Following the attack, civilians assisted the police to catch some of the assassins hiding in the bushes. Some went far by setting fire to three of the suspects’ cars which destroyed evidence. 

Haitian authorities say that at least six more suspects are on the run. The police had killed three of the suspects in the aftermath.


The attackers’ motives and the organiser behind the attack are yet to be ascertained. 



The situation is worsened by the uncertainty of who is the rightful leader of Haiti.


As per the constitution, the National Assembly must choose another president. However, due to disputes that hindered the October 2019 election, Haiti has no functioning parliament. Twenty out of thirty senators’ terms expired last year. The Chief Justice of Haiti who could have provided leadership had succumbed to Covid-19. 


The amendments to the constitution say the prime minister should take over. But the amendments have not been accepted by many. 

Interim Prime Minister Claude Joseph

Following the assassination, interim Prime Minister Claude Joseph took command of the army and the police. He has put Haiti under martial law by declaring a state of siege for 15 days. An opposition senator, Patrice Dumont, claimed that Joseph has launched a coup by assuming national authority.

Ariel Henry

Ariel Henry was appointed as the new prime minister by President Moïse two days before his death. Henry, who was supposed to be sworn in this week, states that he is the rightful prime minister. A resolution was signed by 8 senators, declaring Joseph Lambert, the Senate President as interim president and called for Ariel Henry to replace Claude Joseph as prime minister. The decision has been supported by civil society leaders and opposition parties. 


Another group of civil society members has plans to try and bring major changes to the constitution and have a coalition temporarily run the country.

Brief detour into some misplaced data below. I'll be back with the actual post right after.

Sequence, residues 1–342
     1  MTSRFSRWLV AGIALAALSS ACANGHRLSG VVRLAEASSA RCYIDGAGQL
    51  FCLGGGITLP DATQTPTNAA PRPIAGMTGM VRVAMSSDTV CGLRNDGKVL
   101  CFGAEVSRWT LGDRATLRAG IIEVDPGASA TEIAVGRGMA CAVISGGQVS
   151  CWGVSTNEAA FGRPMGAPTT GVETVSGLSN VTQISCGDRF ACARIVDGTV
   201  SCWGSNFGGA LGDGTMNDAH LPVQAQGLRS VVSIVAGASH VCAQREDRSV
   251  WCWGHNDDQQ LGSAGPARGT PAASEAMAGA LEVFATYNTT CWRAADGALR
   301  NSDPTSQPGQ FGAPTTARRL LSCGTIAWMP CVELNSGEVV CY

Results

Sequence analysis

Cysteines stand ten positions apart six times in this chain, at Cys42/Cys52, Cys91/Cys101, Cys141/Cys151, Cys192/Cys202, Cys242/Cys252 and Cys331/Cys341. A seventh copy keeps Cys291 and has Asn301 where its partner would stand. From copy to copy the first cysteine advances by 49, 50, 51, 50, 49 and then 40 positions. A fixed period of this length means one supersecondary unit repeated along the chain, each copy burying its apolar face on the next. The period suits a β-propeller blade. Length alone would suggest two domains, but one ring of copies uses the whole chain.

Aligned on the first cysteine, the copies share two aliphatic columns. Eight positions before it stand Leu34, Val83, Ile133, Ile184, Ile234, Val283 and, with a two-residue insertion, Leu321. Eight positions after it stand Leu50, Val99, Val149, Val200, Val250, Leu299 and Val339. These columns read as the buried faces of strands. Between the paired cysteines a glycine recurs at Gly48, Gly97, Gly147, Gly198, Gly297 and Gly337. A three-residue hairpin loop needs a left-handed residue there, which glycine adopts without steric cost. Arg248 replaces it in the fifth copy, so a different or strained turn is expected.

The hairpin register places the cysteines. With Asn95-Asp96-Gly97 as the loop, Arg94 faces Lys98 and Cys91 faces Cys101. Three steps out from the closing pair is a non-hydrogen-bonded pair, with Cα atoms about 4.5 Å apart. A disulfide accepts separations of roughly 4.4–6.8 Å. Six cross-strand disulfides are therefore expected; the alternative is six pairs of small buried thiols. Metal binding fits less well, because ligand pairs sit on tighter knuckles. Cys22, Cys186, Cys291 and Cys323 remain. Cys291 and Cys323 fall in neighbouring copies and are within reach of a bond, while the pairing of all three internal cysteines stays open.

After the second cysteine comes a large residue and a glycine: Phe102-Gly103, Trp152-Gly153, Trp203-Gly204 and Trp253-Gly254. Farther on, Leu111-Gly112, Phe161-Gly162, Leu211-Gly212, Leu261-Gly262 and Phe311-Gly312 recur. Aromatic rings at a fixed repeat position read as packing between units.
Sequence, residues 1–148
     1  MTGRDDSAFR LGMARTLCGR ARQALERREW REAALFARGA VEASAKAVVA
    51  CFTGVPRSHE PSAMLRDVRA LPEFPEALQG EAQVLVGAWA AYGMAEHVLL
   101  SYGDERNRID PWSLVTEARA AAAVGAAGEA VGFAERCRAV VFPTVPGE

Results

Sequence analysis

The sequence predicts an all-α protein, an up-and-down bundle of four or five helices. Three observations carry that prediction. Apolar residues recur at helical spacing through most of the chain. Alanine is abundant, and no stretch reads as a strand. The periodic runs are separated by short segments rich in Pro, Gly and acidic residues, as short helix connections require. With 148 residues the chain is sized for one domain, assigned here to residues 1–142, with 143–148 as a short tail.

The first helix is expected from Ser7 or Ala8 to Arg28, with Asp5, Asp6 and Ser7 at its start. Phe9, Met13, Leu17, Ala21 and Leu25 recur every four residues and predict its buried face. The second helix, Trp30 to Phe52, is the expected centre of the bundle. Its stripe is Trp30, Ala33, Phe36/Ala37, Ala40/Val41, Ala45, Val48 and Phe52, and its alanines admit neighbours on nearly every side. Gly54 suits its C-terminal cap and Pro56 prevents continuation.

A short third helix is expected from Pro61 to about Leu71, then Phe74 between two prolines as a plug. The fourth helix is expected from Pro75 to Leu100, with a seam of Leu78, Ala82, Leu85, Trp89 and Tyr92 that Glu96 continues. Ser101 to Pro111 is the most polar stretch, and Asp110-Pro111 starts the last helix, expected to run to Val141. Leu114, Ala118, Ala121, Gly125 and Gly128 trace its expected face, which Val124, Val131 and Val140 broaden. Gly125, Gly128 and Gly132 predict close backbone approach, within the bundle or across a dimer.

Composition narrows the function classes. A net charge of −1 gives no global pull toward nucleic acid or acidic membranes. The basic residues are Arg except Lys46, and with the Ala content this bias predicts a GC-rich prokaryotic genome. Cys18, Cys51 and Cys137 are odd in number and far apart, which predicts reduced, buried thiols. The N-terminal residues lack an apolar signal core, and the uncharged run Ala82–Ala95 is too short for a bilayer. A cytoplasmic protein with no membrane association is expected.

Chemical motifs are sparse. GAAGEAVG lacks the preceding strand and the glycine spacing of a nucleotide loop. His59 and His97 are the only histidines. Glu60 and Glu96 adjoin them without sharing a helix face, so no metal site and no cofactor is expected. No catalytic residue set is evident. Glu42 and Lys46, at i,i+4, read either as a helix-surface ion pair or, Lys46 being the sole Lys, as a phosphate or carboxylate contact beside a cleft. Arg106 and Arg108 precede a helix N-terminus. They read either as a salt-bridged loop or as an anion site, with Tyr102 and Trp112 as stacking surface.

Many of its citizens believe that the presidential elections scheduled for September would only prolong their issues as Moïse had been ruling by decree and the governing institutions in the country are weak. 


The state of the country politically and economically remains ambiguous. 



The Haitian government has requested the United States to send troops to protect their country despite a history of unwanted military interventions by the latter. The uncertain state of politics, increase in gang violence and the pandemic crisis called for this measure. However, members of the civil society and intellectuals believe that Haitians must resolve the issue on their own without the aid of an outside power which they believe contributes to their problems.


Mathias Pierre, the Haitian minister of elections, stated that help was requested because President Joe Biden and Secretary of State Antony Blinken had promised to assist the country. The White House press secretary has said that FBI and homeland security officials would be sent to ascertain how to help Haiti with their investigation. A senior official of the Biden administration claimed that plans have not been made for giving military assistance. However, Biden officials are believed to be focussing on helping the country with its security needs without military forces, possibly through training for Haitian police and military by the United States. Haiti has now requested the United Nations for troops to protect the country’s infrastructure and assist in security. 


Many civilians went to the US Embassy in Haiti seeking asylum and humanitarian visas following President Moïse’s assassination and the prevailing unrest. The United States has not started extensively handing out humanitarian visas of late. 


The World Bank released a statement saying they would continue to support Haiti.


Written by Deepthi Priyanka C and Vaishnavi Karkare for MTTN

Edited by Cynthia Maria Dsouza for MTTN

Featured image by R S Aruna for MTTN

Image Source (in order): The Guardian, Encyclopaedia Britannica, The New York Times, Haiti Libre

SOURCES: ANI News, BBC, Miami Herald, The New York Times